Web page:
A new study of North Carolina public schools finds that black students in charter schools are more likely to have black teachers than their regular public school counterparts, and that the positive effect of “teacher/student racial match” on the test scores of black students is more pronounced in charter than in regular public schools.
Like most good analyses of charter and regular public schools, this report, written by economist Seth Gershenson and published by the Fordham Institute, is an opportunity to learn from the comparison between the charter and regular public school sectors. For instance, the fact that the “match effect,” which is fairly well-established in the literature (e.g., Dee 2005), is stronger in charter schools is fascinating, though a well-informed discussion of the reasons why this may be the case is well outside of my rather modest wheelhouse (there are some possibilities mentioned in the paper’s conclusion).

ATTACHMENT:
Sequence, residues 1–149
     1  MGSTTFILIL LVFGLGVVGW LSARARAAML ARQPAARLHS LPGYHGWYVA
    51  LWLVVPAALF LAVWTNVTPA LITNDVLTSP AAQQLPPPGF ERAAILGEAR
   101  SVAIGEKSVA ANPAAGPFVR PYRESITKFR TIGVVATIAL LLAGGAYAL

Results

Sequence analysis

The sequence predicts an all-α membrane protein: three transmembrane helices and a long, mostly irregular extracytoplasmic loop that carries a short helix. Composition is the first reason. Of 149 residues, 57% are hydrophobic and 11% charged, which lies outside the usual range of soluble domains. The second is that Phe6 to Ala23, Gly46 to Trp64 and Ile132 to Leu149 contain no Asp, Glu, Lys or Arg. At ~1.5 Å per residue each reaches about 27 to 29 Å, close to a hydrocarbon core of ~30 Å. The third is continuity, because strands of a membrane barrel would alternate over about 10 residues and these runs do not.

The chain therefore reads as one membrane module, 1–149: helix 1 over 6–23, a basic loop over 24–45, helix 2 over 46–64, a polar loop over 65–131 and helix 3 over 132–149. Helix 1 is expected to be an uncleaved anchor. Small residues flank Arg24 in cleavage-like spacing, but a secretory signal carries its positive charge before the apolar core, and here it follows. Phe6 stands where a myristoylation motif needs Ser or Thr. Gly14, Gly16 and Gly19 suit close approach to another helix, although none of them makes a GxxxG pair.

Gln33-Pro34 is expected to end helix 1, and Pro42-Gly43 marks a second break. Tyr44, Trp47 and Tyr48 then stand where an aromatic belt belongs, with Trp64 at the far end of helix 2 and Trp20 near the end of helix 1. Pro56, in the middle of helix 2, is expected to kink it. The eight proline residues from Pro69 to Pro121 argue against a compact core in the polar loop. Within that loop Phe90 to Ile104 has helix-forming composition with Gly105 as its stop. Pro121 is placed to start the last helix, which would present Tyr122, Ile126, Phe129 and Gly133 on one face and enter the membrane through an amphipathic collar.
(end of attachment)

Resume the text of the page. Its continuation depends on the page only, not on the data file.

I’d actually like to focus briefly on the first finding – that teacher/student racial match is more common for black charter school students. This is the descriptive and arguably less interesting part of the analysis, but it struck me because, like the paper's main finding about the magnitude of the "match effect," it too raises policy-relevant questions, in this case about why teacher diversity might vary between sectors.